Alan Turing, an ingenious British mathematician, cryptanalyst and, as presented in “The Imitation Game,” difficult personality, seems an unlikely hero. Yet the history-based Turing biopic convincingly portrays this conflicted bundle of brilliance and repression as a key player in the Allies’ World War II victory.
British actor Benedict Cumberbatch gives an empathy-stirring performance as Turing. A Cambridge fellow in 1939, the then-27-year-old Turing is recruited by Britain’s top secret Government Code and Cypher School at Bletchley Park. He joins a team that’s working to break the Nazis’ supposedly unbreakable Enigma code.
But Turing does not play well with others. He has no patience for those less gifted than himself. As the on-the-march Nazis conquer and destroy, Turing alienates the other would-be code breakers and isolates himself.
Cumberbatch puts depth and mystery into a haunting portrayal of Turing, a misanthropic fellow who is most happy when he’s tinkering with his under-construction code-breaking machine. He names the contraption Christopher.
The other Bletchley Park team members include their leader, a dapper chess champ and lady’s man; a Scottish mathematician who’s not in Turing’s league; an Oxford undergraduate; and two linguists.
The team quickly resents the unapologetically aloof Turing. The single-minded cryptanalyst does nothing to change their collective opinion.
Mark Strong (“Tinker Tailor Soldier Spy,” “Sherlock Holmes”), who usually plays villains, co-stars as the calculating MI6 leader Stewart Menzies. A stereotype-defying mix of hero and villain, Menzies supports Turing behind the scenes. But Menzies will always place his own interests above anyone else’s.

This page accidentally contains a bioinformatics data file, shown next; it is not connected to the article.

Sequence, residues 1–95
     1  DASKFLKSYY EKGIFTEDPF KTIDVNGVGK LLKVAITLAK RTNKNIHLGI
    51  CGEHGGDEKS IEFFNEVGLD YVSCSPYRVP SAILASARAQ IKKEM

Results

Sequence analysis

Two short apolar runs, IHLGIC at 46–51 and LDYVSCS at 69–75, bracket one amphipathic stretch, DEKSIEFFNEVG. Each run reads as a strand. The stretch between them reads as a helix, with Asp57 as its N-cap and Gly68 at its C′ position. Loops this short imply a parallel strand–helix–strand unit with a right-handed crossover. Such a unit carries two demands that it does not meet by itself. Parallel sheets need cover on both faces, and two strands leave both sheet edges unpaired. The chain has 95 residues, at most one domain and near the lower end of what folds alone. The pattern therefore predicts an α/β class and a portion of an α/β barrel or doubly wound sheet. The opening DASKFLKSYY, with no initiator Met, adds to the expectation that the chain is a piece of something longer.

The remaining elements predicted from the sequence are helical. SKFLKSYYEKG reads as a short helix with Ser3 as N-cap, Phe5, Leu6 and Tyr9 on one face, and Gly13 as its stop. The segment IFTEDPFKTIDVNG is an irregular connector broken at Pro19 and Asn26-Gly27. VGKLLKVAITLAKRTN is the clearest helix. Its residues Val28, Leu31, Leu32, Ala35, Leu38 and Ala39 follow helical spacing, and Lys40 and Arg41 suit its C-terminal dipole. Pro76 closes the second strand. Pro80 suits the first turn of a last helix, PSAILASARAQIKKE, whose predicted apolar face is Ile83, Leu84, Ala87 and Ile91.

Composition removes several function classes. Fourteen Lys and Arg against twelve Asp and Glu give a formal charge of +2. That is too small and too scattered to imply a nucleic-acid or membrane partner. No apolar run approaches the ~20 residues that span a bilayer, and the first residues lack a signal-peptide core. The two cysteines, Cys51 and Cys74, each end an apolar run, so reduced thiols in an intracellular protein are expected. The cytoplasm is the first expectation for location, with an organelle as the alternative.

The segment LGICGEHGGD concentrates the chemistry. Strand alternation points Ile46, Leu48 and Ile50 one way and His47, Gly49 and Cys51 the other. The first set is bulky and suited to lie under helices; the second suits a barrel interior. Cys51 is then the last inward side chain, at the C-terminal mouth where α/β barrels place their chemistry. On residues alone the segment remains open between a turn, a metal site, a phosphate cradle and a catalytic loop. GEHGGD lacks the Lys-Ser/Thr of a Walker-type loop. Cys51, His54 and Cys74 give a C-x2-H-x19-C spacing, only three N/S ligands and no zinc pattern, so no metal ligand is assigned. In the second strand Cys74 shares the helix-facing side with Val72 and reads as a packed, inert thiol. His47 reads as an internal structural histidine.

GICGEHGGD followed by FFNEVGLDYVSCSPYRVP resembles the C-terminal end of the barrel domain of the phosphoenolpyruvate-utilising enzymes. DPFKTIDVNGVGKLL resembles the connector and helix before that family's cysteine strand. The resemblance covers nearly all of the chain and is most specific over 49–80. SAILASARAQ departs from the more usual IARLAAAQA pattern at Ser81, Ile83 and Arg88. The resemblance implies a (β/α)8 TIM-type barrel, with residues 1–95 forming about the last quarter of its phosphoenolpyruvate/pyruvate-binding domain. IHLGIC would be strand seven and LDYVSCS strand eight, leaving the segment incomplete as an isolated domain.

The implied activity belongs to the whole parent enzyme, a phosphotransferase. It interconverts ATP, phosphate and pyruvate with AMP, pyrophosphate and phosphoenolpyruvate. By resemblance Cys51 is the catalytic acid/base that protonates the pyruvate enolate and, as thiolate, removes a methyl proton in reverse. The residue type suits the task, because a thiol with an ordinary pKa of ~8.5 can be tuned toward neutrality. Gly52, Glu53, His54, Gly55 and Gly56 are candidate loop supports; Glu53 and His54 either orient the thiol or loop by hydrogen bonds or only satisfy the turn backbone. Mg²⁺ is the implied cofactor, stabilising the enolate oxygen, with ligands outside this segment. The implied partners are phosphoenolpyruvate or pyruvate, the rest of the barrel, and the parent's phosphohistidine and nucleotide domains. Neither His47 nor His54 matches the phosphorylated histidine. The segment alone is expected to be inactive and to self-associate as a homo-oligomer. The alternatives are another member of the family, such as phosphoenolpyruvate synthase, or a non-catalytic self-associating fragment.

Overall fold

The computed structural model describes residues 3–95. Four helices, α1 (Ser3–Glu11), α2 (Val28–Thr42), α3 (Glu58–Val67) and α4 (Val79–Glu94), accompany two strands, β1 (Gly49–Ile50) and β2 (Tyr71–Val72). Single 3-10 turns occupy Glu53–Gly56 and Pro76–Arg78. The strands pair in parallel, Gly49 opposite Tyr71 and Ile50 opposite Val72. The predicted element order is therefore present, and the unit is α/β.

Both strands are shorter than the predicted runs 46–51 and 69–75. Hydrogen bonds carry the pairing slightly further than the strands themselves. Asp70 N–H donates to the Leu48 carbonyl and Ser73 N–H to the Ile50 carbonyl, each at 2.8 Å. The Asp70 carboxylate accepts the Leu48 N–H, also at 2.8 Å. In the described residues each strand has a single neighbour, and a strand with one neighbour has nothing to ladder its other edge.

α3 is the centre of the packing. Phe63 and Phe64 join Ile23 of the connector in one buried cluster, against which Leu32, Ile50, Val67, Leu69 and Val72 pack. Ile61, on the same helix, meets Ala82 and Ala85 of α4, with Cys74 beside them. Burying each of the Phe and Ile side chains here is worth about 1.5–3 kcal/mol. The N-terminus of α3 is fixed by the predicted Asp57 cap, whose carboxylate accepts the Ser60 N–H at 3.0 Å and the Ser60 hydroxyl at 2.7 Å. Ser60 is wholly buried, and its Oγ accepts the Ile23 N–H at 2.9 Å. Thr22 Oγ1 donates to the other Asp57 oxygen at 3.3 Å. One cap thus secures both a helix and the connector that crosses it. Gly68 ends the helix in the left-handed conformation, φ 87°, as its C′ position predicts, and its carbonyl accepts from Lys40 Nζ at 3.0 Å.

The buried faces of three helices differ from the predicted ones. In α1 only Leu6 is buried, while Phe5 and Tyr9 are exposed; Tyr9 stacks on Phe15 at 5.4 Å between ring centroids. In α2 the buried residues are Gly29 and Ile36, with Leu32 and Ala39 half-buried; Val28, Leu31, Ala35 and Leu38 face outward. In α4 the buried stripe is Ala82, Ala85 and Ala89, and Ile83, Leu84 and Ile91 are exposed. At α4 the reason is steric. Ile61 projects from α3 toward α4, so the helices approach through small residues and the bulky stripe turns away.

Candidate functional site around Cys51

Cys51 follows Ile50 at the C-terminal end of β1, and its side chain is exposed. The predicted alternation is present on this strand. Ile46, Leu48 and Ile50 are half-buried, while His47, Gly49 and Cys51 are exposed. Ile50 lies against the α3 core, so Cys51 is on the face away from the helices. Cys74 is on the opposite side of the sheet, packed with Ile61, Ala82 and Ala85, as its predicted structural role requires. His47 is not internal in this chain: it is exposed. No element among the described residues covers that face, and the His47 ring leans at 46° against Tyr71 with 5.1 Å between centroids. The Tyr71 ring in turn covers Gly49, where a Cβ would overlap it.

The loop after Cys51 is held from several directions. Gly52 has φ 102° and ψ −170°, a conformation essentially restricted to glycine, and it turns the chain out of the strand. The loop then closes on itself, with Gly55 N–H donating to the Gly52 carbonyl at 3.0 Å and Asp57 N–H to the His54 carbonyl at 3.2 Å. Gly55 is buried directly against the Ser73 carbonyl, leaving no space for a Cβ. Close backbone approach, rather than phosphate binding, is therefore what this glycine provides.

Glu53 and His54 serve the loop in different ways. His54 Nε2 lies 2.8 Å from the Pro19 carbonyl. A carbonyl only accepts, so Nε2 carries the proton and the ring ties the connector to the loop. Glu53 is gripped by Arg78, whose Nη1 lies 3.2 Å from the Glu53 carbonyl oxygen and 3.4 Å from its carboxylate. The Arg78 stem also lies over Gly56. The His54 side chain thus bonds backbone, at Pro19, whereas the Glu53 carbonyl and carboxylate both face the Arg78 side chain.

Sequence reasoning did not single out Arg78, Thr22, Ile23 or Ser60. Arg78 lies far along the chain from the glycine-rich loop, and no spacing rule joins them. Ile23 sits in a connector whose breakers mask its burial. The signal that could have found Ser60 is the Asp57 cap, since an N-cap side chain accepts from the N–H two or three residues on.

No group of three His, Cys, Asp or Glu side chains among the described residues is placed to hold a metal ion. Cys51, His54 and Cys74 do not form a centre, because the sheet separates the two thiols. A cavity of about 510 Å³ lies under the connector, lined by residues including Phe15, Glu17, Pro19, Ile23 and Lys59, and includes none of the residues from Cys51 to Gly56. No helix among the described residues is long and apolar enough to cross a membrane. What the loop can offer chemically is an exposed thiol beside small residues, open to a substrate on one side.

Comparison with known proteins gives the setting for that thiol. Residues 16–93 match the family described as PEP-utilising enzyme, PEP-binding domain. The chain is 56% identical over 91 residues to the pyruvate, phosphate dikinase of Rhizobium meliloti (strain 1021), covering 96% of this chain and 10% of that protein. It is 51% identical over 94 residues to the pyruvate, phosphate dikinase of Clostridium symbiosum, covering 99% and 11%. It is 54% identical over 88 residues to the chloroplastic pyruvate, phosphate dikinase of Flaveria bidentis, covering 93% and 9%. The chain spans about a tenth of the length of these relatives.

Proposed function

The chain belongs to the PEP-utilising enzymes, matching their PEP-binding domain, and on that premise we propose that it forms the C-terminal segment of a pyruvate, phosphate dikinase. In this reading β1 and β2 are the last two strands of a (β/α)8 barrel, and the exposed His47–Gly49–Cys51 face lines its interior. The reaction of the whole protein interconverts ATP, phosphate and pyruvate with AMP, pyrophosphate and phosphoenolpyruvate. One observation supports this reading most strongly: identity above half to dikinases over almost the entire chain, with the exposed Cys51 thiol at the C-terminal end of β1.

Turing, on order of British Prime Minister Winston Churchill, is named leader of the Bletchley Park code breakers. His new authority further antagonizes the others. Turing’s unconventional addition of a woman to the group helps soothe the all-male team’s outrage.
Keira Knightley’s Joan Clarke, a young woman who’s even better at crossword puzzles than Turing, brings her own genius to Bletchley Park. Also ideas that may help Turing and his warring teammates unite for the higher purpose of breaking the Enigma code. The group’s eventually cooperative quest grows suspenseful and exciting.
In Clarke, Turing also finds something the film strongly suggests he’s rarely had — a friend. But their friendship also is the source of one of the film’s most tragic scenes.
Like most recent biopics, “The Imitation Game” reveals its subject in both the present and flashbacks to much younger years. The Turing biopic does that better than most.
In 1927, the 15-year-old Turing (Alex Lawther) is a persecuted misfit at Sherborne School, Dorset. Despite the largely hostile environment, Turing develops a warm relationship with fellow student Christopher Morcom (Jack Bannon). Morcom’s influence helps shape Turing’s future, globally significant accomplishments.
A film set in three time periods, “The Imitation Game” also details Turing’s postwar downfall. In early 1950s Britain, homosexuality is a crime. Turing’s fate is unsettling, especially after he helped defeat his nation’s enemies. Cumberbatch’s haunting performance as Turing ensures that his tragedy is keenly felt.
In the tradition of “The King’s Speech” — which shares filmmaking talent with “The Imitation Game” — the Turing biopic is awards bait. Cumberbatch is so compelling, though, and Turing’s story, unknown for decades, is told so well by director Morten Tyldum and screenwriter Graham Moore, that even obvious awards-casting moments can be forgiven. “The Imitation Game” is easily among 2014’s best films.